What makes Gandhi still relevant
By L S Rengarajan
Mahatma Gandhi is still relevant in today’s modern world. There was a time when people associated the practicing of non-violence with 'rishis' of ancient times. It was thought that non-violence was suitable only for 'sanyasis' and 'sadhus'.
Gandhiji perhaps for the first time declared that non-violence is not an individual virtue but a social virtue. He proved that it could be practiced by all, not just by individuals, but collectively as well.
Having said that let me add that there is no such thing as ‘Gandhism.’ Gandhiji himself had said that he did not know what Gandhism meant.
He once said: "In truth I myself do not know what Gandhism means. I have not given anything new to the country. I have only given a new form to the traditional wisdom of India. It would, therefore, be wrong to call it Gandhism."
He made those remarks during a speech at a Khadi and Village Industries Exhibition on February 20, 1940.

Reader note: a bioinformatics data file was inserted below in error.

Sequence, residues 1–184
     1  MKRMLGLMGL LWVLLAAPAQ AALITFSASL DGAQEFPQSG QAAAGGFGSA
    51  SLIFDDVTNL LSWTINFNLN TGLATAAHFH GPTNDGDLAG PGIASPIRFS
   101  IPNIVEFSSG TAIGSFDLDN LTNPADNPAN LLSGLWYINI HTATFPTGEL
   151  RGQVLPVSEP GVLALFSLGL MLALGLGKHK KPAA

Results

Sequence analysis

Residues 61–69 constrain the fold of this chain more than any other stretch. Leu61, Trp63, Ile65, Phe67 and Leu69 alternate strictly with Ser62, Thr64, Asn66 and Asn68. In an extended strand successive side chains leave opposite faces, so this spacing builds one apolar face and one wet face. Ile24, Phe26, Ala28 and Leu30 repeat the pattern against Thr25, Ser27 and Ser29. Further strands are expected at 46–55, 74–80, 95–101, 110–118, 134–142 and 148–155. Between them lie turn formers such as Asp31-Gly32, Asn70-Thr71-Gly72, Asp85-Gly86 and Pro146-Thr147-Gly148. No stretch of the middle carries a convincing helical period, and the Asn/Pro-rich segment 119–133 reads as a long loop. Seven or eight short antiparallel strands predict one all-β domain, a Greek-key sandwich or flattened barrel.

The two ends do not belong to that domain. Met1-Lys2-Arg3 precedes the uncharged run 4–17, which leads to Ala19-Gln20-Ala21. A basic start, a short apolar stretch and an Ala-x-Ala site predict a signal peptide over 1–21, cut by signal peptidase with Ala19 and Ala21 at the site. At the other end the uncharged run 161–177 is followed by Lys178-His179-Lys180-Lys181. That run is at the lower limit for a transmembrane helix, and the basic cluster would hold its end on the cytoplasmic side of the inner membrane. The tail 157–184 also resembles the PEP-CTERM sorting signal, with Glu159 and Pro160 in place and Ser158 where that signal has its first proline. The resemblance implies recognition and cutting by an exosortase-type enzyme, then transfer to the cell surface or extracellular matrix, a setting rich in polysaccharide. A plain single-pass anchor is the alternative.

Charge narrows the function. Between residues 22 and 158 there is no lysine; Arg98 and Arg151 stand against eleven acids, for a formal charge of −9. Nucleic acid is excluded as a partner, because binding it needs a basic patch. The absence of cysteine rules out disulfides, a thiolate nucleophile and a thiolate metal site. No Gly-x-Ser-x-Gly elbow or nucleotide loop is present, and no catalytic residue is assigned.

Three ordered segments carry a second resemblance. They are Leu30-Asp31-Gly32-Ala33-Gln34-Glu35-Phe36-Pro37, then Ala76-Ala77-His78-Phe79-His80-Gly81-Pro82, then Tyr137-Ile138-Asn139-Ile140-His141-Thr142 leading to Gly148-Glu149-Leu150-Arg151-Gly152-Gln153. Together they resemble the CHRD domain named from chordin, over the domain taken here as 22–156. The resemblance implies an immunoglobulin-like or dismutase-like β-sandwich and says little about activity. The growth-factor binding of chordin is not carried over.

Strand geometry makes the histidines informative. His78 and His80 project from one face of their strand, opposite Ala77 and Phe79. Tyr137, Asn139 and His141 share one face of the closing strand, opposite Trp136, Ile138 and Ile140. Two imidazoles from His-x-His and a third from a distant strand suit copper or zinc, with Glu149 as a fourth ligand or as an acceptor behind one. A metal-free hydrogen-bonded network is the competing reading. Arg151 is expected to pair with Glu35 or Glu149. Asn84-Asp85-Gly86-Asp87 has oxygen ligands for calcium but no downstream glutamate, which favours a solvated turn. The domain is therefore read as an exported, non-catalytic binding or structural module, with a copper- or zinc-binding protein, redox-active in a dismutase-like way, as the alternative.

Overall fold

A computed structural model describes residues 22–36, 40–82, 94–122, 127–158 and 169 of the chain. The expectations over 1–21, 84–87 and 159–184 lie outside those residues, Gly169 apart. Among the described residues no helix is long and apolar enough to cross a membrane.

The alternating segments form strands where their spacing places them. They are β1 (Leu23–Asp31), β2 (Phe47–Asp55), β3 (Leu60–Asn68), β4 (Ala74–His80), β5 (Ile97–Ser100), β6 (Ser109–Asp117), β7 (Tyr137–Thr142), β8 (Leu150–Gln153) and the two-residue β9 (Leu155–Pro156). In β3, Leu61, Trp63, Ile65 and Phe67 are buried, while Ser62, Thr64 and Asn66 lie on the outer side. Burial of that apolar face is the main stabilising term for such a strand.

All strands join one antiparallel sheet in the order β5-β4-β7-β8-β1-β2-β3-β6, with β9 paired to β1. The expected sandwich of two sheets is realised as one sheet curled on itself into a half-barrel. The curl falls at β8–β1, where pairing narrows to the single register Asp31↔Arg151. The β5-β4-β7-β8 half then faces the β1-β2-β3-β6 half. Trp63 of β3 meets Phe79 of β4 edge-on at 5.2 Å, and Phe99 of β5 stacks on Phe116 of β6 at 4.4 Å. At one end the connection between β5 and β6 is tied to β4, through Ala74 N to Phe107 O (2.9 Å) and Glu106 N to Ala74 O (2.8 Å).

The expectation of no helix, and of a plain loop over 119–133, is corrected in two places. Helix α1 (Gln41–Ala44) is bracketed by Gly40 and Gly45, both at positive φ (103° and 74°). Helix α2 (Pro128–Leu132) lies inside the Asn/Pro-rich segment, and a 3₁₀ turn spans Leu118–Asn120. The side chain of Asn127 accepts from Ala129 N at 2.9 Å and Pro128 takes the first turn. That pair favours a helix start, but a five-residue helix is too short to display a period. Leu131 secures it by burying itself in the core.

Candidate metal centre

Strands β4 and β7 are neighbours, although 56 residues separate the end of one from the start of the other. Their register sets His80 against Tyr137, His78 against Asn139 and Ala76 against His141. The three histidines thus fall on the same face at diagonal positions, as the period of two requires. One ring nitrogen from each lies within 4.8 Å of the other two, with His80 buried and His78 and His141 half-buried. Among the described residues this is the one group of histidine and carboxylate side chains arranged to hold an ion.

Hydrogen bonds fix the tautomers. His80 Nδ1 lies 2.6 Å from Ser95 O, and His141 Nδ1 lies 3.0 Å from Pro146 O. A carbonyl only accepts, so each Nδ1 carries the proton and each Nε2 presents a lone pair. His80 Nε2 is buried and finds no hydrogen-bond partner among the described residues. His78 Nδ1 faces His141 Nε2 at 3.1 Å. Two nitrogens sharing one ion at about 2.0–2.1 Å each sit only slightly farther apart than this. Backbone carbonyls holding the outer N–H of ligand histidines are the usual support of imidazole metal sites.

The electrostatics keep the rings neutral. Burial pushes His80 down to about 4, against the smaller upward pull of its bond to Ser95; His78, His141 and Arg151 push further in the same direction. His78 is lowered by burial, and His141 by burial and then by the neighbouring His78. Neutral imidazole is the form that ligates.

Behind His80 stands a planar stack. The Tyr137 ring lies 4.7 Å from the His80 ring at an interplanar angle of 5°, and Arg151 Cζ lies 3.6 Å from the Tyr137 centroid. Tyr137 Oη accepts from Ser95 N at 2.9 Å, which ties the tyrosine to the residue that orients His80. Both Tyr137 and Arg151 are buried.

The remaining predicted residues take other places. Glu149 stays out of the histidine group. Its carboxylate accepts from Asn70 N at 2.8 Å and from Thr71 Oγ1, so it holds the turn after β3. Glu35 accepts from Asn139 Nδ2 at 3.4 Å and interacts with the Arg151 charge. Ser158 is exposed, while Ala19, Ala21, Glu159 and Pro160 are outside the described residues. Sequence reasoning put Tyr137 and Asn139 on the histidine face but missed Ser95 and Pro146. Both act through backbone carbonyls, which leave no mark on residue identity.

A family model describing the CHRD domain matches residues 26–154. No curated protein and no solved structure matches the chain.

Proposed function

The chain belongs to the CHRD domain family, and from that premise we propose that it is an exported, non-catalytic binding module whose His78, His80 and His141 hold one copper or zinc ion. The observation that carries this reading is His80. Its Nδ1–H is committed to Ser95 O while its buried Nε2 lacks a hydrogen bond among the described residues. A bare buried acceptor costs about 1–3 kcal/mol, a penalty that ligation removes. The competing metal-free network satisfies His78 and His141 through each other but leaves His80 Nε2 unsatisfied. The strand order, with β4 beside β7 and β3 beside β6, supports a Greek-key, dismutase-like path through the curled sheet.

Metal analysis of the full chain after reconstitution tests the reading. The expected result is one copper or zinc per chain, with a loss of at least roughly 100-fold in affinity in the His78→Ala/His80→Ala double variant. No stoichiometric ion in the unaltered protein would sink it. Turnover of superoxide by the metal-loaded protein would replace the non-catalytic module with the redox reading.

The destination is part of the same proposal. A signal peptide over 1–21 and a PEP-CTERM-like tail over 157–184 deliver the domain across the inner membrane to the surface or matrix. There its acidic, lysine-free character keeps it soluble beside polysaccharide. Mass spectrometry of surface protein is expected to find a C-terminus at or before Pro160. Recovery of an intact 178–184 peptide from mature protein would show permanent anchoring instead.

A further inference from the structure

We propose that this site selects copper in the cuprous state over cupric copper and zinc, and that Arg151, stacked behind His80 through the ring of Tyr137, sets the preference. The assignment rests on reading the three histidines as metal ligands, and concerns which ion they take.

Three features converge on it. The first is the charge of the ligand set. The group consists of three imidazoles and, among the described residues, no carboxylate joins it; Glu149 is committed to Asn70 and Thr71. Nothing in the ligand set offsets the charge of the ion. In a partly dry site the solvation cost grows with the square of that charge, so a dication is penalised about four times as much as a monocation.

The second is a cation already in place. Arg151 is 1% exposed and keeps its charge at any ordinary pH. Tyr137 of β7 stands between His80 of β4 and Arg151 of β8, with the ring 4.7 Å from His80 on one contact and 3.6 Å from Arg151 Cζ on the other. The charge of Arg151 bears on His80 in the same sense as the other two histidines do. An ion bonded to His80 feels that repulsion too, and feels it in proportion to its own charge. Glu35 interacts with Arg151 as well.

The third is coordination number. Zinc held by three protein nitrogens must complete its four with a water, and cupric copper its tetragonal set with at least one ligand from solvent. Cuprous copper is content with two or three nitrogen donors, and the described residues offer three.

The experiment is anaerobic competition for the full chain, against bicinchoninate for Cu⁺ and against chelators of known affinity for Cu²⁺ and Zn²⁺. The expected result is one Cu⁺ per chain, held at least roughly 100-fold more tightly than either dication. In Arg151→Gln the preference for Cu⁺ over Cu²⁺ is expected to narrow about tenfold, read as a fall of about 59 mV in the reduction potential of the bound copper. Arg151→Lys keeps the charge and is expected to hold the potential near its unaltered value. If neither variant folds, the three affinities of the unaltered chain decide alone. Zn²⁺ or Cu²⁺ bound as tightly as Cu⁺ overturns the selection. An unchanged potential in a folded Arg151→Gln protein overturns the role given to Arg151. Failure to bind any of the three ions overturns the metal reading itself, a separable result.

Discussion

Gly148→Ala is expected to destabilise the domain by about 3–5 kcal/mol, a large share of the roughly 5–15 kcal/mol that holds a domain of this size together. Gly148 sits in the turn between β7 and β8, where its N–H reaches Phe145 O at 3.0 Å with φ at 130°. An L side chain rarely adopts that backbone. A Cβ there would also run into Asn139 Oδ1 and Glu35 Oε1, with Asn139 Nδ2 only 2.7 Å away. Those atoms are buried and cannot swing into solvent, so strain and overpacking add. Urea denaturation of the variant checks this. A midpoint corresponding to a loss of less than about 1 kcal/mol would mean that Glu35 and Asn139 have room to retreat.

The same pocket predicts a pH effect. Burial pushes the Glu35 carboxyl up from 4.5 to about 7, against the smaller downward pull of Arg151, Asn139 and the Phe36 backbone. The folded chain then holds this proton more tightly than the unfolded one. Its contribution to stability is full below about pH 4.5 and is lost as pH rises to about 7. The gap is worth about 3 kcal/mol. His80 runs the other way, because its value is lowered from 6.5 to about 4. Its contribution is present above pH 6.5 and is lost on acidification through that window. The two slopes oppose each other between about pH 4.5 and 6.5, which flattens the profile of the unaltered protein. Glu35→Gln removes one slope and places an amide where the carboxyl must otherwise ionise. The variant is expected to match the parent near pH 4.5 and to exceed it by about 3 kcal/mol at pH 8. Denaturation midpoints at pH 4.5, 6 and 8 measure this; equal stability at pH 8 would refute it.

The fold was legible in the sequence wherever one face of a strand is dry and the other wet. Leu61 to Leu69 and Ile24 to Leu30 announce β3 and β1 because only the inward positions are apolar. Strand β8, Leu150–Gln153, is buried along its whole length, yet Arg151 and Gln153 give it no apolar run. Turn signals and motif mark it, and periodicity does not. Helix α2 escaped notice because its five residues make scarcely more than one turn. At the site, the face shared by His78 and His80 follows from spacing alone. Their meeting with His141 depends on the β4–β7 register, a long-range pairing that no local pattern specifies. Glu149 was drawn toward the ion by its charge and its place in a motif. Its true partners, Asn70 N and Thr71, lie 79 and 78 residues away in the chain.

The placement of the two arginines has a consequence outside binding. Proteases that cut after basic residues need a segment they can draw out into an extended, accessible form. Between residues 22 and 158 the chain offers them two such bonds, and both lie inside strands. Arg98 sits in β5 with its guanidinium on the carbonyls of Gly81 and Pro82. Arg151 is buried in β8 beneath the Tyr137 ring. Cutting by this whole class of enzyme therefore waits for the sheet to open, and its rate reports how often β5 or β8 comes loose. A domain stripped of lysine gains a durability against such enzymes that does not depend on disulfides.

During a speech at Gandhi Seva Sangh meeting on March 3, 1936, he stated: "Without (an) elaborate scheme, I have simply tried in my own way to apply the eternal principles of truth and non-violence to our daily life and problems. Like a child I did whatever occurred to me on the spur of the moment during the course of events."
In a letter dated July 16, 1945, Gandhiji wrote: "Gandhi is one thing, Gandhism is another, and Gandhi-ites are a third thing. There are always, and will remain such difference. Immature people may identify with one or the other group."
The Gandhians would have us believe that Gandhiji evolved a universal philosophy analysing everything, reconciling everything, and prescribing for every contingency.
How unfair this would be to a man who never assumed omniscience and never stopped his experiments with truth and understanding. Gandhiji did not deal in absolute. He was a great idealist, but at the same time more pragmatic. Gandhiji once described himself as a...